I was reading the Book of Judges this morning and though it was interesting how Luz supposedly get its name. (Check here for the wider context of Judges 1.23-26).
23 The house of Joseph sent out spies to Bethel (the name of the city was formerly Luz). 24 When the spies saw a man coming out of the city, they said to him, “Show us the way into the city, and we will deal kindly with you.” 25 So he showed them the way into the city; and they put the city to the sword, but they let the man and all his family go. 26 So the man went to the land of the Hittites and built a city, and named it Luz; that is its name to this day. (NRSV)
So, why does this place get the name Luz when a man leaves his city (which oddly was already called Luz) and lets some spies know how to get into it to kill everyone? Well, it’s hard to say because the lexicons are not very uniform on what the meaning of the word “luz” is. The verbal root of luz is rendered “to turn aside, depart” (Brown-Driver-Briggs) and “to be lost to one’s sight” (Holladay). Some of the derivatives of this word have to do with “deceit” or “cunning.” However, a noun of the same spelling means “almond tree” (Brown-Driver-Briggs, Holladay).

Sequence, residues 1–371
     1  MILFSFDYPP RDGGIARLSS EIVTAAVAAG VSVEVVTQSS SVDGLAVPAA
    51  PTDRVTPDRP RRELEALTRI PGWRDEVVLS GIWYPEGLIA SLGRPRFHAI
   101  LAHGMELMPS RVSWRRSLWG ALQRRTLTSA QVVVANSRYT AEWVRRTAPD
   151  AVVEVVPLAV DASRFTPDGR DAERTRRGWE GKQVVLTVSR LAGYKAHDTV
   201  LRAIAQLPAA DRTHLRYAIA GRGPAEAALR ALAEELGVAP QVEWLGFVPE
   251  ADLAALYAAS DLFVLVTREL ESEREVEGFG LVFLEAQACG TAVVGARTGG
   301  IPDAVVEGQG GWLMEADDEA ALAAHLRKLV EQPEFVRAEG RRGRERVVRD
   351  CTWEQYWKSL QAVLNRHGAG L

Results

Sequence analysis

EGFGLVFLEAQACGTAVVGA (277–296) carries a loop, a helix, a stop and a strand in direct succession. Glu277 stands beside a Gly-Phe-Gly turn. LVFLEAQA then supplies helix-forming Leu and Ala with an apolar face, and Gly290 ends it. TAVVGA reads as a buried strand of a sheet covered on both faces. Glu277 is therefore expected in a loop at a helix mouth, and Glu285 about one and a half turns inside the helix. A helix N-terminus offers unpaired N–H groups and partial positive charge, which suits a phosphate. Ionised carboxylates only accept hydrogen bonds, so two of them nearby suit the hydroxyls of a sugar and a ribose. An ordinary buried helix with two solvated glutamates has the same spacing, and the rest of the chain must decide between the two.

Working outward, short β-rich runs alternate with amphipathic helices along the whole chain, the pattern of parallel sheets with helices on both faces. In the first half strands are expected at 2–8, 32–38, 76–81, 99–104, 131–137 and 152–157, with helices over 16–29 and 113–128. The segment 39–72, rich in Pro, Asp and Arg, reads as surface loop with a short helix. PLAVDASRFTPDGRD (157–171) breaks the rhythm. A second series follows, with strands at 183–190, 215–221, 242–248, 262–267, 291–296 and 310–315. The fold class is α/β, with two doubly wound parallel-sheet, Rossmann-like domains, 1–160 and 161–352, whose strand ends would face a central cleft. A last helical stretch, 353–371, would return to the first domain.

I think the former verbal root and the derivatives from it give the idea as to how Luz gets its name. It gets its name because a man who was “departing” his city when the Israelites came founded it. Maybe because a “deceitful,” treacherous man founded it, though I’m not sure the Israelite author would have viewed the man so negatively. But, maybe it was named such on account of almond trees.